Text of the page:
Once the IRS establishes a prima facie case for enforcement of its summons under Powell, the burden shifts to the taxpayer, who "may challenge the summons on any appropriate ground," including failure to meet the Powell requirements. Lidas, Inc., 238 F.3d at 1081-82 (citing Powell, 379 U.S. at 58.) The taxpayer must demonstrate "an abuse of process" or "the lack of institutional good faith." Stewart, 511 F.3d at 1255. The taxpayer bears a "heavy" burden to rebut the presumption of good faith. Id.; Lidas, Inc., 238 F.3d at 1081-82 (citing United States v. Jose, 131 F.3d 1325, 1328 (9th Cir. 1997) (en banc).) Those "opposing enforcement of a summons . . . bear the burden to disprove the actual existence of a valid civil tax determination or collection purpose by the [Internal Revenue] Service." Crystal, 172 F.3d at 1144. To meet this heavy burden, "the taxpayer must allege specific facts and evidence to support his allegations of bad faith or improper purpose." Id. (emphasis added).
A. Order to Show Cause
In their "Response of the United States to the Court's Order to Show Cause," respondents explained that their failure to timely file and serve an opposition to the petition was due to the fact that petitioner failed to properly effect service upon them. (Dkt. No. 6 at 1-2.) A review of the court's docket confirms that petitioner did not refute these service issues. Respondents' explanation is sufficient to explain their failure to timely oppose the petition. Accordingly, the OSC is discharged.
B. Petition to Quash
Respondents have made their prima facie showing under Powell. See Powell, 379 U.S. 48, 57-58 (1964). Agent Zielke's declaration in support of the motion to dismiss meets the first Powell requirement: that the summonses were issued pursuant to the legitimate purpose of examining Gjerde's 2007 and 2008 federal income tax returns. (Dkt. No. 5-2, Zielke Decl. at ¶¶ 3-7.) The Internal Revenue Code specifically authorizes the issuance of summonses for the purpose of determining the correct tax liability of any taxpayer. E.g., Belsby v. Comm'r, No. CV-04-304-RHW, 2004 WL 3168262, at *1 (E.D. Wash. Dec. 2, 2004) (not reported). A declaration from the revenue agent who issued the summons at issue stating that the agent is conducting an investigation into the individual federal tax liability of the petitioner is sufficient to meet the first prong of the Powell factors. E.g., id.; Lidas, Inc., 238 F.3d at 1081-82 (citing cases); Crystal, 172 F.3d at 1144.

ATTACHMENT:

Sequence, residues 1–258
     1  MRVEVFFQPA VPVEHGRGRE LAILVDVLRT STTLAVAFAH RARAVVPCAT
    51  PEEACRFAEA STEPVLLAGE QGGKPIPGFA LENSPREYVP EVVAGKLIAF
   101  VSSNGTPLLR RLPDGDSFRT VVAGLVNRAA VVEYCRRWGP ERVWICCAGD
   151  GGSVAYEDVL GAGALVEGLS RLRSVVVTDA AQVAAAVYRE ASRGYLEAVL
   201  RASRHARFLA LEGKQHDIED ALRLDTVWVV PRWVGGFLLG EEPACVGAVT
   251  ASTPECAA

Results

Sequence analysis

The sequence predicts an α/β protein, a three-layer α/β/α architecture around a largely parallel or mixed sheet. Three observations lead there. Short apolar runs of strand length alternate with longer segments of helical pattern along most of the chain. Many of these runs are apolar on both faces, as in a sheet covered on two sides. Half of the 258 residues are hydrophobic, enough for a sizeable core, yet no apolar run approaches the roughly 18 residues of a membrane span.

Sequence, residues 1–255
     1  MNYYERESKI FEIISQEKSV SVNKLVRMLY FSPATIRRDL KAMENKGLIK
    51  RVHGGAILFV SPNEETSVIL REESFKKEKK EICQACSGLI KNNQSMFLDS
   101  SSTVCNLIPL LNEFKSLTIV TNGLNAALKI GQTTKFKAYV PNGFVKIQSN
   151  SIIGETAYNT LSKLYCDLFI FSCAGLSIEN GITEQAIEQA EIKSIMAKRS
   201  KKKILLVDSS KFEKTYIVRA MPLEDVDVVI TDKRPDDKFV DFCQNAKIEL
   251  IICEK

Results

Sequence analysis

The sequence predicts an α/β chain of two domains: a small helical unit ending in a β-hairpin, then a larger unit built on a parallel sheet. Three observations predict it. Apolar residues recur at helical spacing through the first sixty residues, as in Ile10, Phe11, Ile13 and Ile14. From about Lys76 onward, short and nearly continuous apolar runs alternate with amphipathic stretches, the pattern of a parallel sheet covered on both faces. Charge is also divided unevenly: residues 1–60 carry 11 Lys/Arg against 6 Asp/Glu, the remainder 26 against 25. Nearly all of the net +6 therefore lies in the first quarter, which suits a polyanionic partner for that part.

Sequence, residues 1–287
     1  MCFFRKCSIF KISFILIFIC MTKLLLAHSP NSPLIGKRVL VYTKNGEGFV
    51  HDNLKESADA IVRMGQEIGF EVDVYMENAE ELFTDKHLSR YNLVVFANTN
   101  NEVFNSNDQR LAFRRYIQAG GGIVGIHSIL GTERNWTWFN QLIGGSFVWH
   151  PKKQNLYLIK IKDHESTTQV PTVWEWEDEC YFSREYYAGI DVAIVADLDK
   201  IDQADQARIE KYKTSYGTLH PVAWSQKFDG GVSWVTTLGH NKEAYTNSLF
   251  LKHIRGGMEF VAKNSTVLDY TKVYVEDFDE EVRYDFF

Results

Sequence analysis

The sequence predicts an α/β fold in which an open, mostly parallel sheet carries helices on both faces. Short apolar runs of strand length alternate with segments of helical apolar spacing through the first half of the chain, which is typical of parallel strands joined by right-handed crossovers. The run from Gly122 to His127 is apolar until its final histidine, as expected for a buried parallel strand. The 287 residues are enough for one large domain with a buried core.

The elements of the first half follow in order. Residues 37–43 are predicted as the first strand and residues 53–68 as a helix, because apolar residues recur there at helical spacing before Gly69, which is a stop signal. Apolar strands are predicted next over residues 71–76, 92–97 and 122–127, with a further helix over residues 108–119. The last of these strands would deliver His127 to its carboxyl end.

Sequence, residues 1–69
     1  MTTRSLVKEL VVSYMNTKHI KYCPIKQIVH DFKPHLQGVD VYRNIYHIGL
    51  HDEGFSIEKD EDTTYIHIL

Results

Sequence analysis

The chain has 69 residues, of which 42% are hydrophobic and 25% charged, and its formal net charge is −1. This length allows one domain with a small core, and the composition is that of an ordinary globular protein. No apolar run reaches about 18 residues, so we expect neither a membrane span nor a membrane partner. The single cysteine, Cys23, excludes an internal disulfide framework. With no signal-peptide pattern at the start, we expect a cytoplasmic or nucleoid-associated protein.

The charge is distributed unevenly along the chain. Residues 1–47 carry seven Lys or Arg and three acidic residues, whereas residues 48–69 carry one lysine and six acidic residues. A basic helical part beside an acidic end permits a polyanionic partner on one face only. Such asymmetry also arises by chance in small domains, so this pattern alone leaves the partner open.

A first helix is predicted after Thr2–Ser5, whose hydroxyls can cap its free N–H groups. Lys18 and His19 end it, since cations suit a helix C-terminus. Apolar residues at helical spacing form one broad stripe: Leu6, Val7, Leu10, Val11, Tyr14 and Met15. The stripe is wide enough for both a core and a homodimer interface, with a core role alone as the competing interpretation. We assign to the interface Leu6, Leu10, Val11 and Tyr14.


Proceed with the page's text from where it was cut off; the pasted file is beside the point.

Agent Zielke has also declared that the requested bank records are relevant to determining petitioner's tax liability, so the second Powell factor is satisfied. (Dkt. No. 5-2, Zielke Decl. at ¶¶ 3-7.) The information sought by the IRS summonses need only be potentially relevant. United States v. Arthur Young & Co., 465 U.S. 805, 813-14 (1984). There need only be a "realistic expectation" that relevant information "might be discovered." Hasty v. United States, No. MISC S-06-0049 MCE KJM PS, 2006 WL 3020945, at *2 (E.D. Cal. Oct. 23, 2006) (not reported). Here, the requested bank records may reflect or verify Gjerde's proper reporting of his income. See e.g. Valley Escrow Trust v. United States, 107 F.3d 19, 1996 WL 726636, at *1 (9th Cir. 1996) (memorandum opinion) (not reported) (finding bank records were relevant to determine flow of funds); Hasty, 2006 WL 3020945, at *2 (holding that bank statements and other financial documents requested by the Summons would "help determine whether the federal income tax liabilities the [petitioners] reported . . . are correct" and were therefore "relevant" to meet the second Powell factor). Petitioner's argument that the requested documents include records from his Client Trust Accounts and therefore, by definition, are not relevant to his own personal tax liability (Dkt. No. 1 at 4) is not well-taken, especially in light of Agent Zielke's declaration that the IRS's investigation seeks in part to ascertain whether the funds deposited into those accounts were indeed funds held in trust as opposed to petitioner's business receipts or income. (Dkt. No. 5-2, Zielke Decl. at ¶¶ 4-7.)
The third and fourth Powell factors have also been met here. Agent Zielke has declared that the requested information is not already within the IRS's possession (Dkt. No. 5-2, Zielke Decl. at ¶ 8), and that he has complied with all administrative steps required by the United States Code (Dkt. No. 5-2, Zielke Decl. at ¶¶ 5,10). See Hasty, 2006 WL 3020945, at *2 (holding that IRS agent's declaration was sufficient to satisfy these factors); Stewart, 511 F.3d at 1255 (agent's declaration sufficient to satisfy the government's "slight" burden under the fourth Powell factor). Finally, while petitioner alleges that, in his opinion, the IRS already possesses the information targeted by the summonses at issue, petitioner does not support his opinion with any specific facts, evidence, or a declaration. (Dkt. No. 1 at 4.) Given Agent's Zielke's confirmation that the IRS does not have the requested information, petitioner's unsupported and vague contention otherwise is not well-taken. See Crystal, 172 F.3d at 1144.